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LONDON — British Prime Minister Boris Johnson has called on the European Union to "rethink" its refusal to renegotiate the Brexit deal, as he pledged to throw all his energy into making sure Britain leaves the bloc on time on Oct. 31.
Addressing a rowdy session of Parliament for the first time since becoming prime minister, Johnson pledged Thursday to take a new approach. Rejecting the withdrawal agreement negotiated by his predecessor, Theresa May, he insisted that while he wanted a deal, the country was better prepared than widely believed to leave without one.
"I hope that the EU will be equally ready and that they will rethink their current refusal to make any changes to the Withdrawal Agreement," he said. "If they do not, we will, of course, have to leave — the U.K. — without an agreement."
“In the 98 days that remain to us we must turbocharge our preparations to make sure that there is as little disruption as possible to our national life,” Johnson told parliament.
Johnson has less than 100 days to make good on his promise to deliver Brexit by Oct. 31 after what he called "three years of unfounded self-doubt" under May's government.
Yet Britain will struggle to get the bloc's full attention during August, a sleepy holiday period in much of Europe.
The EU is adamant it will not renegotiate the agreement struck with May on the terms of Britain's departure and the framework of future relations. Without it, Britain faces a chaotic Brexit that economists warn would disrupt trade by imposing tariffs and customs checks between Britain and the bloc, send the value of the pound plummeting and plunge the U.K. into recession.
Nonetheless, Johnson is bulldozing his way forward to leave the EU at the end of October, "come what may."
To accomplish it, he culled many members of May's Cabinet within hours of taking office, replacing them with a group of loyal Brexit supporters.
The new line-up includes Foreign Secretary Dominic Raab, Treasury chief Sajid Javid, Home Secretary Priti Patel and House of Commons leader Jacob Rees-Mogg.
Many of the new ministers worked with Johnson in the 2016 referendum campaign to leave the EU, as did much of Johnson's new backroom staff.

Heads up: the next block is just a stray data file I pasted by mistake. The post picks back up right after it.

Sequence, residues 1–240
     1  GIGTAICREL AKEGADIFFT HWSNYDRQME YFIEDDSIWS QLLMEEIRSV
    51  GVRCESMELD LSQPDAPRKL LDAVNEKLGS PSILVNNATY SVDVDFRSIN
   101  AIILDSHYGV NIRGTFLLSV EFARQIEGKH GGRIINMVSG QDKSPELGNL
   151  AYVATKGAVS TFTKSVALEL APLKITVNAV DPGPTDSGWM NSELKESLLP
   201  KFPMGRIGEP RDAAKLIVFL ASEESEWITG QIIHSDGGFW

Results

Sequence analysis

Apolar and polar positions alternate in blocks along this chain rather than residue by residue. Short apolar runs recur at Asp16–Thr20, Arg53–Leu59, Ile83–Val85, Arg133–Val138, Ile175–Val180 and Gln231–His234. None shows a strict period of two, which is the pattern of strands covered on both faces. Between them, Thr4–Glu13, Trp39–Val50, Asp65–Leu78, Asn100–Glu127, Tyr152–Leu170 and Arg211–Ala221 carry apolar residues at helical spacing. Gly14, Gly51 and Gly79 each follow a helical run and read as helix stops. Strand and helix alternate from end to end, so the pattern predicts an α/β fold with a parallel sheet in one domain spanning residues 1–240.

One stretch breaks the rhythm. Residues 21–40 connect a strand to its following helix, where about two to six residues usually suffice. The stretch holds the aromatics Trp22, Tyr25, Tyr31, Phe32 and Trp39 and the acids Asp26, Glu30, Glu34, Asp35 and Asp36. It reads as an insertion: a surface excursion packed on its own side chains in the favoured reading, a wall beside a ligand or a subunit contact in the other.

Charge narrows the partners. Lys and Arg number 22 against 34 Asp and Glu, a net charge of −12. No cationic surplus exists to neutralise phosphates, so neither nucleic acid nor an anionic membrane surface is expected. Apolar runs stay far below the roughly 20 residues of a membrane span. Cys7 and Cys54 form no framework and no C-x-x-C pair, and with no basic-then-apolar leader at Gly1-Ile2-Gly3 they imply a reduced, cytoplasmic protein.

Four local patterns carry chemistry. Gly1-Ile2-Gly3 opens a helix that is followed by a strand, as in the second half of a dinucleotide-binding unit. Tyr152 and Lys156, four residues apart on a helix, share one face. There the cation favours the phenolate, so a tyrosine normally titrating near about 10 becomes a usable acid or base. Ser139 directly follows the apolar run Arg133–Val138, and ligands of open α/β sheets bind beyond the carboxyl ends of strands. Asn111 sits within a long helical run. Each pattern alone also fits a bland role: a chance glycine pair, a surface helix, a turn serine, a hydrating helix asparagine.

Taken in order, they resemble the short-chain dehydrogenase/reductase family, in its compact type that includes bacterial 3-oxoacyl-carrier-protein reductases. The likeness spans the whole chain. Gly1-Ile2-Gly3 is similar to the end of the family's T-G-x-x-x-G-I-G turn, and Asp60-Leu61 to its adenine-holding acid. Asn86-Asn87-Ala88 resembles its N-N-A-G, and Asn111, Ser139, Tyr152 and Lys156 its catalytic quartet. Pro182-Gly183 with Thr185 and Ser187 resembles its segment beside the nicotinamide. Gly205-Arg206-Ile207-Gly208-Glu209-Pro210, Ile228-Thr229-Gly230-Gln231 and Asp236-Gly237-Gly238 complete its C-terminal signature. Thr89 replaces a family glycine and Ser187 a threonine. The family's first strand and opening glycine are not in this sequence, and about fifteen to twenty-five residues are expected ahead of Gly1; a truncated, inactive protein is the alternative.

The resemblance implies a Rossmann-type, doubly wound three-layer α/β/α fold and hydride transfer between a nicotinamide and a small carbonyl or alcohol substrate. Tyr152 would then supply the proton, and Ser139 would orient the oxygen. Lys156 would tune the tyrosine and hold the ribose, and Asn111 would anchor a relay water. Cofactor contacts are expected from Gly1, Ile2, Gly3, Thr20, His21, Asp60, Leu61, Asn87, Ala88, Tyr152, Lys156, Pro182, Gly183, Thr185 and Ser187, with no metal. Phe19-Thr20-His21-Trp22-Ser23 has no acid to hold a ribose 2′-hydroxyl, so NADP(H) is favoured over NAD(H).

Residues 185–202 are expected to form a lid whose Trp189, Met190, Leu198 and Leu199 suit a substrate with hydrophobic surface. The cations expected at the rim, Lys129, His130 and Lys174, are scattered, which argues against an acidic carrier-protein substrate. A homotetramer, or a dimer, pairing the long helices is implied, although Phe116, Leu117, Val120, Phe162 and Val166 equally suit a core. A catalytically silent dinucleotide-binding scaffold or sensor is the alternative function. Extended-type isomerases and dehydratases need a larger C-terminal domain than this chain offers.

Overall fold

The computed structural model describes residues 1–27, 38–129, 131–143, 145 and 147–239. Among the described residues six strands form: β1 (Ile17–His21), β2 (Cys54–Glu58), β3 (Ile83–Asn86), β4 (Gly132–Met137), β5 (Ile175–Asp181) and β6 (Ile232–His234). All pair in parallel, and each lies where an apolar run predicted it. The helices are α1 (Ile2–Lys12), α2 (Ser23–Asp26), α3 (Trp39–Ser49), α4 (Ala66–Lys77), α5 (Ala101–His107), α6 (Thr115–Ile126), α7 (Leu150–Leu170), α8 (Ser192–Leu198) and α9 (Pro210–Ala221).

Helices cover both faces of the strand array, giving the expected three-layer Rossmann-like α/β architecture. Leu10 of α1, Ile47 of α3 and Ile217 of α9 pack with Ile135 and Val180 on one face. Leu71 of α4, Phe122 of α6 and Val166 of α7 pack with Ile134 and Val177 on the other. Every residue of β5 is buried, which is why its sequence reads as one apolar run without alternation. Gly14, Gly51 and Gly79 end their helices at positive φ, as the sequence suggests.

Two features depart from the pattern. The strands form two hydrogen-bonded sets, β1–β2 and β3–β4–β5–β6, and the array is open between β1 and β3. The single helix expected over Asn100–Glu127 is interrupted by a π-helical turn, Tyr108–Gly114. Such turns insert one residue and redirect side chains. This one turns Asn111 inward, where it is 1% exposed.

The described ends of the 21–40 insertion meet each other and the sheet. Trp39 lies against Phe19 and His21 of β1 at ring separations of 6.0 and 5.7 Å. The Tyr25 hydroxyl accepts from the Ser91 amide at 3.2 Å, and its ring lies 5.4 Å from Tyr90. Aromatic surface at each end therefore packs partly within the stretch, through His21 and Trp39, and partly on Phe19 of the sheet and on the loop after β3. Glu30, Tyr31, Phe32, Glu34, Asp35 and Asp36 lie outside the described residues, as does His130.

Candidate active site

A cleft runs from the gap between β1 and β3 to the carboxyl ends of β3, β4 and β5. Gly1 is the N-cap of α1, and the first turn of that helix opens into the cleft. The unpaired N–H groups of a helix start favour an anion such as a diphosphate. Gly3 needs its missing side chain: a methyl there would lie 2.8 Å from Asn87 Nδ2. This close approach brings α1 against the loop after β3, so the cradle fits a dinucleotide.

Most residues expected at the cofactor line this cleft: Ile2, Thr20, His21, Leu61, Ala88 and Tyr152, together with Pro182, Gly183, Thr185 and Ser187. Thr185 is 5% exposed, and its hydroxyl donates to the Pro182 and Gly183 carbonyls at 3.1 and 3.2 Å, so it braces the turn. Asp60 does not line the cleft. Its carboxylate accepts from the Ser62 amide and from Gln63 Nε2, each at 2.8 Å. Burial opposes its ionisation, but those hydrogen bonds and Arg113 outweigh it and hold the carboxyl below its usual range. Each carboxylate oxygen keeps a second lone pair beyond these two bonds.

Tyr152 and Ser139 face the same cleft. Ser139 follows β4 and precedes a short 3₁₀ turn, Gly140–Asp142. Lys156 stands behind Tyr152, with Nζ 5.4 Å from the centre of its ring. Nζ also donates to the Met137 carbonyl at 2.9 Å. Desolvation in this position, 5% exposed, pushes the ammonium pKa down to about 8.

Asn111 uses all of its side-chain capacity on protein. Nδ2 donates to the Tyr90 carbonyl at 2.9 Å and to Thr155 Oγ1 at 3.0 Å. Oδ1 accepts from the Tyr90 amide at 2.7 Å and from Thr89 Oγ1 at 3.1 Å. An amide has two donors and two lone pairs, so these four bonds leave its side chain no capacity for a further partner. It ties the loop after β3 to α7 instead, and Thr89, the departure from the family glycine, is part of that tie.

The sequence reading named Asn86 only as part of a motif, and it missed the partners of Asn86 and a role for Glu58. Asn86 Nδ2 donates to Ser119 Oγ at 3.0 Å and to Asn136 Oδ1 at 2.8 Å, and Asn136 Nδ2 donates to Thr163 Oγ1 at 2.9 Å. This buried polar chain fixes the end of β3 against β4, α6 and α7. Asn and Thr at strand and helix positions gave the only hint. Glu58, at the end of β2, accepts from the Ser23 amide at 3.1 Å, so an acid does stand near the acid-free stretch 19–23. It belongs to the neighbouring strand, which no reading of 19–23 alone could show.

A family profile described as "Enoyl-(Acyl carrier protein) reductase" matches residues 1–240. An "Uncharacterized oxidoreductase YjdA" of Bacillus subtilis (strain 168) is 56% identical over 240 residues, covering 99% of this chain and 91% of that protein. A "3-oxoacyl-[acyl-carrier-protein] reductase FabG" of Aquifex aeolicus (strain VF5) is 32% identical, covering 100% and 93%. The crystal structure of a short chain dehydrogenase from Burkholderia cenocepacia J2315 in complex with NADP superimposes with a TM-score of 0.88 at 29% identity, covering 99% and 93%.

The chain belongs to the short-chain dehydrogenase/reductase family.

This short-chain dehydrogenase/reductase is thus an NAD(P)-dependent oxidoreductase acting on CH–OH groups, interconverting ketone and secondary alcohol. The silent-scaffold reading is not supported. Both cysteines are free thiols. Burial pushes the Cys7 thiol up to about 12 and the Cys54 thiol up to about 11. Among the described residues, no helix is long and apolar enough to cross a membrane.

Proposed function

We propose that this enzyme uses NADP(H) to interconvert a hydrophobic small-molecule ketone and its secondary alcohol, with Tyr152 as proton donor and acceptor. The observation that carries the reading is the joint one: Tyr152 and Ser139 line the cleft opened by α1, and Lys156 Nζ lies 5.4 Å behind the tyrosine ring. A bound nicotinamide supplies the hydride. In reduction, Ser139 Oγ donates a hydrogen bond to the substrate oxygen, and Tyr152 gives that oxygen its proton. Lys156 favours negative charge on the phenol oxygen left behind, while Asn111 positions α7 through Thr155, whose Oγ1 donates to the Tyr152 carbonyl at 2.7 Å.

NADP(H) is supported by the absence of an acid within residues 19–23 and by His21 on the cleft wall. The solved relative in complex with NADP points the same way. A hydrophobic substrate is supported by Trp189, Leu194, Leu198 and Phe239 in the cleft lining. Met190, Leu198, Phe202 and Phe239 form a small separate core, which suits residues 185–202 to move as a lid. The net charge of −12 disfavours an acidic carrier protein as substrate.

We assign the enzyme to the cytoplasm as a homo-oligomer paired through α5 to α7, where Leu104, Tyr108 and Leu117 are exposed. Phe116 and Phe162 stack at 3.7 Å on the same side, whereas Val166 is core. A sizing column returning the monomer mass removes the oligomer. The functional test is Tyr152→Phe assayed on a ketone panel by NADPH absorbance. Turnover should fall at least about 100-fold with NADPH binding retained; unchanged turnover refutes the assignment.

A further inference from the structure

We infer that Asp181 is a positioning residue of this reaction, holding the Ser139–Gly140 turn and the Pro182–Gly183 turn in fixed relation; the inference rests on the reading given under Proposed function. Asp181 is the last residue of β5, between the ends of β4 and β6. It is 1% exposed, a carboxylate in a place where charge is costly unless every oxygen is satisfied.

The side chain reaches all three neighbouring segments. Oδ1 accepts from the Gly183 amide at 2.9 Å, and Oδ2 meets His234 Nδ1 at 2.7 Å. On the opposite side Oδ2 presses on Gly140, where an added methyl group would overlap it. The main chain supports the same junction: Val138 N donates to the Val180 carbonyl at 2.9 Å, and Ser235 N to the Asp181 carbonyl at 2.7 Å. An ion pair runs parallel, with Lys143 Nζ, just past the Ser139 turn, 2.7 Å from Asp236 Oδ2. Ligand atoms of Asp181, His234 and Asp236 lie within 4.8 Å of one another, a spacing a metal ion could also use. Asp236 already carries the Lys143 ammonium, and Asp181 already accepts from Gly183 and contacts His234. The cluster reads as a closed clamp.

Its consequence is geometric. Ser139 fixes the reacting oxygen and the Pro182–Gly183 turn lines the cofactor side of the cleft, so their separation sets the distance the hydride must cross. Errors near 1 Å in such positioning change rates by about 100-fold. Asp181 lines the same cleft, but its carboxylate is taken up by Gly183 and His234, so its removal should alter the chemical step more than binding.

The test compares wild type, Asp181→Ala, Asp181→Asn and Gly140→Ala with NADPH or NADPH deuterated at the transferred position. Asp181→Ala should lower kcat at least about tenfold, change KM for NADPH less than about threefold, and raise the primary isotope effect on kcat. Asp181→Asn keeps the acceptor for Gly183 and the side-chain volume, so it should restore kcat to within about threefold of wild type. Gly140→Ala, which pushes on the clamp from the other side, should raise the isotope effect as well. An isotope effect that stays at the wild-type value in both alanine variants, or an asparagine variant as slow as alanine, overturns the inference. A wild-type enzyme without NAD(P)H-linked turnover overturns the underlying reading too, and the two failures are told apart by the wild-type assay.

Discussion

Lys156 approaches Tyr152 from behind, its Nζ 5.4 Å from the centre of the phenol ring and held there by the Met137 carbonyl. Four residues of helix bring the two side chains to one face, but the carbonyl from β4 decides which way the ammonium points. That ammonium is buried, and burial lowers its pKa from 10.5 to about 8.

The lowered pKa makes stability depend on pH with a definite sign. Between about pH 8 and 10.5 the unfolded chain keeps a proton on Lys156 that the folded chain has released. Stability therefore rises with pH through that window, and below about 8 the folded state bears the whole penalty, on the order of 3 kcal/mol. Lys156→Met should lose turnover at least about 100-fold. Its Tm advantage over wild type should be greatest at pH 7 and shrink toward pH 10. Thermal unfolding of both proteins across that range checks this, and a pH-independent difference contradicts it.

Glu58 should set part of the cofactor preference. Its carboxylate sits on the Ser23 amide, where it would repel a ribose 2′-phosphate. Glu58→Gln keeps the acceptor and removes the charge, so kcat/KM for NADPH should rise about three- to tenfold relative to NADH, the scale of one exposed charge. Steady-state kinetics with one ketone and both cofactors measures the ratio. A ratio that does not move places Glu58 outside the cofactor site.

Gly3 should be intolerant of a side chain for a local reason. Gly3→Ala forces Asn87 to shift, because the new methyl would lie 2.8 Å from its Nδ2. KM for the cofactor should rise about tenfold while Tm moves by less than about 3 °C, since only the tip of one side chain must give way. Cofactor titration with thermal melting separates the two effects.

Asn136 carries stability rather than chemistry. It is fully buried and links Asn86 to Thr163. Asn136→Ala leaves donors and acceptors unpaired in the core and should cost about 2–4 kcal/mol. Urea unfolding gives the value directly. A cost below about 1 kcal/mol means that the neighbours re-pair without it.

Three years after the "leave" campaign won that referendum by 52%-48%, Britain remains one of the 28 members of the EU.
Brexiteers blame May, who resigned in defeat after failing — three times — to secure Parliament's backing for her divorce deal with the bloc. Her allies point out that it was hard-core Brexit supporters who sank the deal because they felt it kept the U.K. too closely bound to the EU's rules.
Johnson, who won an election of Conservative members to replace May as party leader and prime minister, has vowed to complete Brexit and silence "the doubters, the doomsters, the gloomsters" who believe it can't be done.
But the brash Brexit advocate faces the same problems that May faced: heading a government without a parliamentary majority and with most lawmakers opposed to leaving the EU without a divorce deal.
Lawmakers who oppose a no-deal Brexit — include some of the May government ministers swept away by Johnson — are vowing to put up a fight when Parliament returns from a six-week summer break that starts Friday.
That has led to speculation that lawmakers could topple the government in a vote of no-confidence.
Johnson could also call a snap fall election in hopes of gaining a majority in Parliament for his plans.
The country's next scheduled election is not until 2022 but can be brought down at any time before then if the government does not command the confidence of the majority of the House of Commons.
"We live in a parliamentary democracy, you can never rule out general elections in that sense," said Rishi Sunak, the new chief secretary to the Treasury.